I can't say much about his military career (1964-1996). I think it was just and honorable. He commanded a division in Operation Desert Storm and later the U.S. Southern Command. Wikipedia also says he created "the first Human Rights Council and Human Rights Code of Conduct for U.S. Military Joint Command." Seems damned decent.
But the Barry McCaffrey, I know, the Clinton Drug Czar McCaffrey, is either a bald-faced liar or delusional. Until last night, I assumed the former. But when you talk to a man who steadfastly denies the truth with vigor, I wonder.
Exhibit A: The "Unmitigated Disaster"
In 1998, McCaffrey told CNN's "Talkback Live" that the murder rate in Holland was twice that in the US. "The overall crime rate in Holland is probably 40 percent higher than the United States," said McCaffrey. That's drugs." He called Dutch drug policy, "an unmitigated disaster."
The Dutch government's Central Planning Bureau poured scorn on McCaffrey's figures. Official data put the Dutch murder rate at 1.8 per 100,000 people in 1996, up from 1.5 at the start of the decade. The Dutch say the U.S. rate is 9.3 per 100,000.Confronted with reality, McCaffrey denied it.
"The figure (McCaffrey is using) is not right. He is adding in attempted murders," a planning bureau spokesman said.
Instead of apologizing for the error, McCaffrey's deputy, Jim McDonough, responded, "Let's say she's right. What you are left with is that they are a much more violent society and more inept [at murder], and that's not much to brag about."A month later, McCaffrey defended himself:
There was a huge uproar (in Holland) over murder rates and crime stats, and was I right or wrong?... For an American to suggest that their crime rates were higher than the U.S. absolutely blew their mindActually, what blows their mind is that a man of such importance could lie. Though McCaffrey did finally admit that Dutch drug policy may just be a "mitigated disaster."
That whole bit is classic good ammo for the anti-drug-war cause. But it's 11 years ago now. And I don't like to hold grudges. So imagine my surprise last night.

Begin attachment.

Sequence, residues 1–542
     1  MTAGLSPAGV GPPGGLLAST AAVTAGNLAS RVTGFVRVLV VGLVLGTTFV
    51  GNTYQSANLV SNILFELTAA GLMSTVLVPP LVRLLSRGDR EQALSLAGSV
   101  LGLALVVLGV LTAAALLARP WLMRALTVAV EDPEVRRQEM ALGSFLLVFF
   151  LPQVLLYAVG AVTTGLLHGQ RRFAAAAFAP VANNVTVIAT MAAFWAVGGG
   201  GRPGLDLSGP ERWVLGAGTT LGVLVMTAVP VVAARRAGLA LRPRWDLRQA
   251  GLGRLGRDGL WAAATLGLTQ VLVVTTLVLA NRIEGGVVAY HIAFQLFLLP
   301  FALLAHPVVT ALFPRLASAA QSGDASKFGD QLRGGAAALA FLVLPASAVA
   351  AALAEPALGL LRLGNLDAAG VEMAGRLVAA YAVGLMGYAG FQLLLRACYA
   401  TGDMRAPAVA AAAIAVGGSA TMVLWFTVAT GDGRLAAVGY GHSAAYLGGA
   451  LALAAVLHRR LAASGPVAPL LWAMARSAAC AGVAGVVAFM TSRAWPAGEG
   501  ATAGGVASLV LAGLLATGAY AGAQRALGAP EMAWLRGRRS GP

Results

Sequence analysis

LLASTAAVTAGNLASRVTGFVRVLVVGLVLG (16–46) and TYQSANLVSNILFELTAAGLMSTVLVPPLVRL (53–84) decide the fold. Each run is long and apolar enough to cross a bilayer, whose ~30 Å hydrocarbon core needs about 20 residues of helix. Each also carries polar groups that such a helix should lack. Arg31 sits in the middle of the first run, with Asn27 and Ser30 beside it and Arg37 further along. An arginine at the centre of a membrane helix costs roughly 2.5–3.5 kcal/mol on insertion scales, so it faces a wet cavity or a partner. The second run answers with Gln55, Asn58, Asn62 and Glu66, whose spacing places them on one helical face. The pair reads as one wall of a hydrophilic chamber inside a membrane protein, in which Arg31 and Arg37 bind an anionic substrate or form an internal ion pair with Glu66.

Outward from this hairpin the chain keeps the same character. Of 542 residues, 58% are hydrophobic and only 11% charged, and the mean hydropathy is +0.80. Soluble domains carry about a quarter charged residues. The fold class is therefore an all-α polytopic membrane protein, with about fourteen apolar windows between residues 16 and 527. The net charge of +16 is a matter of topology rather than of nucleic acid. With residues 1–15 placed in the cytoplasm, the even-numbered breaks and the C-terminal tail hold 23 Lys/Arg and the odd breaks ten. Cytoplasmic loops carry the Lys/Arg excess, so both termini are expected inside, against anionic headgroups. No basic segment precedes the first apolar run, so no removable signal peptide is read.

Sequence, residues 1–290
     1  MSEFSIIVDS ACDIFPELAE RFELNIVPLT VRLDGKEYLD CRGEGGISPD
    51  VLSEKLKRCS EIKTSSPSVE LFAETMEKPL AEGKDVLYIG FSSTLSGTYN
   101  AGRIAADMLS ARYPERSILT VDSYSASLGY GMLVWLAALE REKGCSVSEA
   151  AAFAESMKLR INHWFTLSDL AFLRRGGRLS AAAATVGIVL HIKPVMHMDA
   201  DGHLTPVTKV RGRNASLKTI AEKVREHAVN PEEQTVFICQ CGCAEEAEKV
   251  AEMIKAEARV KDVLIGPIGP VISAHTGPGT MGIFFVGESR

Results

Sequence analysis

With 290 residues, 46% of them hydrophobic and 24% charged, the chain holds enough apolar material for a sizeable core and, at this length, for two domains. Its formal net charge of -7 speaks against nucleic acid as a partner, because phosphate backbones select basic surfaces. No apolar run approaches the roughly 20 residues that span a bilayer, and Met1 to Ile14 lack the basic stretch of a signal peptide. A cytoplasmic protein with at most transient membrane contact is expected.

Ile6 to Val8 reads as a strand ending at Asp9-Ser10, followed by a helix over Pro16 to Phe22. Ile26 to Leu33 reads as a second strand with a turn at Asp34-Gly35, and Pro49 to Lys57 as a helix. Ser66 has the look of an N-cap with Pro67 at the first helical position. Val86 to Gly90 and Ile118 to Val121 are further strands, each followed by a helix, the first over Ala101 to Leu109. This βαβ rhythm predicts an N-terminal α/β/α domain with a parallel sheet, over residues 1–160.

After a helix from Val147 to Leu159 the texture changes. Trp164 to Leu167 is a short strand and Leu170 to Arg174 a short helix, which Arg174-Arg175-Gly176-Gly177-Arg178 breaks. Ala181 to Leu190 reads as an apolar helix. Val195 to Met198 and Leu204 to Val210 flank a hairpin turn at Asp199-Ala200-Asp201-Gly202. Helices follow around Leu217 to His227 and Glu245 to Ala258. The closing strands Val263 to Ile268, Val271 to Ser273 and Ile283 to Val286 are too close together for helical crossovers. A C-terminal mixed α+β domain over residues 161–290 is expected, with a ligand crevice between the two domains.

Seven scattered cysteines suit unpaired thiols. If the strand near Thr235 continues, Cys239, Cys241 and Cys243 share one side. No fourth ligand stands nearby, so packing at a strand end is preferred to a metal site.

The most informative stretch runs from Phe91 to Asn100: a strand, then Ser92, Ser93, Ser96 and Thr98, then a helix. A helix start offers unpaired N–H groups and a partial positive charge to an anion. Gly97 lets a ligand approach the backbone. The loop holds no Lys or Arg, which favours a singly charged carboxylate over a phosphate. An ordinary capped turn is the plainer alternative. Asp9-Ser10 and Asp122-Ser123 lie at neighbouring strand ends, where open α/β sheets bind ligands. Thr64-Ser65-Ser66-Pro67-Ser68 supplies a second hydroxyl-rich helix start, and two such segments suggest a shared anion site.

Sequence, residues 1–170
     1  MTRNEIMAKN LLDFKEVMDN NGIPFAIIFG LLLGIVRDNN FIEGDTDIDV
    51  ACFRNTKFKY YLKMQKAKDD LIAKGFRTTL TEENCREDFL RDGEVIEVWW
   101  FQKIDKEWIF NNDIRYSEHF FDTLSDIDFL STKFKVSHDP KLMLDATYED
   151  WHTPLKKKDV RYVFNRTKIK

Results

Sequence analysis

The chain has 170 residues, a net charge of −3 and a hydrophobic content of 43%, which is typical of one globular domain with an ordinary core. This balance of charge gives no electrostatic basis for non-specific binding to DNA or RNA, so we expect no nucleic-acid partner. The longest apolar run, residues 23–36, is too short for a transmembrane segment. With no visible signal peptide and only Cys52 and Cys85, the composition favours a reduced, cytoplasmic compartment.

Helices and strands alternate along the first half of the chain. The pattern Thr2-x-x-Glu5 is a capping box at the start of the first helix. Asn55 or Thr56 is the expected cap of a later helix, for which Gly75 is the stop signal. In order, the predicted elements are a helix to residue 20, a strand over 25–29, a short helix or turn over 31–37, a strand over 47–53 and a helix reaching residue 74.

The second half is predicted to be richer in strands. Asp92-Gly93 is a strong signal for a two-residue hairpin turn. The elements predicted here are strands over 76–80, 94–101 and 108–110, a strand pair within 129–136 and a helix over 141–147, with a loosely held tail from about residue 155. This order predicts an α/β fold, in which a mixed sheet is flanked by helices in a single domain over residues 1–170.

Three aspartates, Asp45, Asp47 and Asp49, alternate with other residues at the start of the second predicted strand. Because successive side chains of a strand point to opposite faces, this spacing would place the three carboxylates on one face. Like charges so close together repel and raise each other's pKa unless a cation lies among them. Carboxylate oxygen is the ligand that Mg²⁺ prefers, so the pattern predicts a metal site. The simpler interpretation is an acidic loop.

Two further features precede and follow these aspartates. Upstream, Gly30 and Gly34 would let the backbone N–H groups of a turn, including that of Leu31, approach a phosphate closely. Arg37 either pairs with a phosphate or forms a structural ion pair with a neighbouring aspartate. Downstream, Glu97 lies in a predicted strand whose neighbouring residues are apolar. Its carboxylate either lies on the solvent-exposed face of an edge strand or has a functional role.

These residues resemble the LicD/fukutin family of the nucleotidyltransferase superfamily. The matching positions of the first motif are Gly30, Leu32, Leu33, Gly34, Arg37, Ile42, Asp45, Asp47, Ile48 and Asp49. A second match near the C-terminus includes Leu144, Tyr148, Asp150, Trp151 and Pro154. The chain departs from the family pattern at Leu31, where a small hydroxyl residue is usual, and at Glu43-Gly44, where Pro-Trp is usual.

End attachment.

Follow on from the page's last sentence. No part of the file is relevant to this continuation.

Exhibit B: Conant v. McCaffrey
After being kind enough to tell me good things about my father (before we were on the air), McCaffrey whole-hoggedly denies what happened when he was Drug Czar. "Nonsense!" McCaffrey says. The Cato Institute's Tim Lynch sets him straight.
You can read more of Lynch's excellent take on McCaffrey here:
Whatever one’s view happens to be on drug policy, the historical record is there for any fair-minded person to see — and yet McCaffrey looked right into the camera and denied past actions by himself and other federal agents. And he didn’t say, “I think that’s wrong” or “I don’t remember it that way.” He baldly asserted that my recounting of the facts was “nonsense.” Now I suppose some will say that falsehoods are spoken on TV fairly often–maybe, I’m not sure–but it is distressing that this character held the posts that he did and that he continues to instruct cadets at West Point!The court case, Conant v. McCaffrey was in McCaffrey's name, for crying out loud! [though the decision was renamed Conant v. Walters by the time it became law of the land in 2002.]
Does McCaffrey not remember it? Does he believe it never happened? I'm tempted to believe the general at his word. Which means... well... I'll leave you to decide. Here's what the court ruled in 2000:
On December 30, 1996, less than two months after the Compassionate Use Act [Medicinal Marijuana] took effect, the Director of the Office of National Drug Control Policy [that's McCaffrey] ... stated “that a practitioner’s action of recommending or prescribing Schedule I controlled substances [that's marijuana] is not consistent with the ‘public interest’ ... and will lead to administrative action by the Drug Enforcement Administration to revoke the practitioner’s registration.”Now over time, the administration backed down a bit from the hard line. But that doesn't mean it never happened. The court ruled unequivocally against the government.
The Administration’s Response stated that the Department of Justice and the Department of Health and Human Services would send a letter to national, state, and local practitioner associations and licensing boards, stating unequivocally that the DEA would seek to revoke the registrations of physicians who recommended or prescribed Schedule I controlled substances.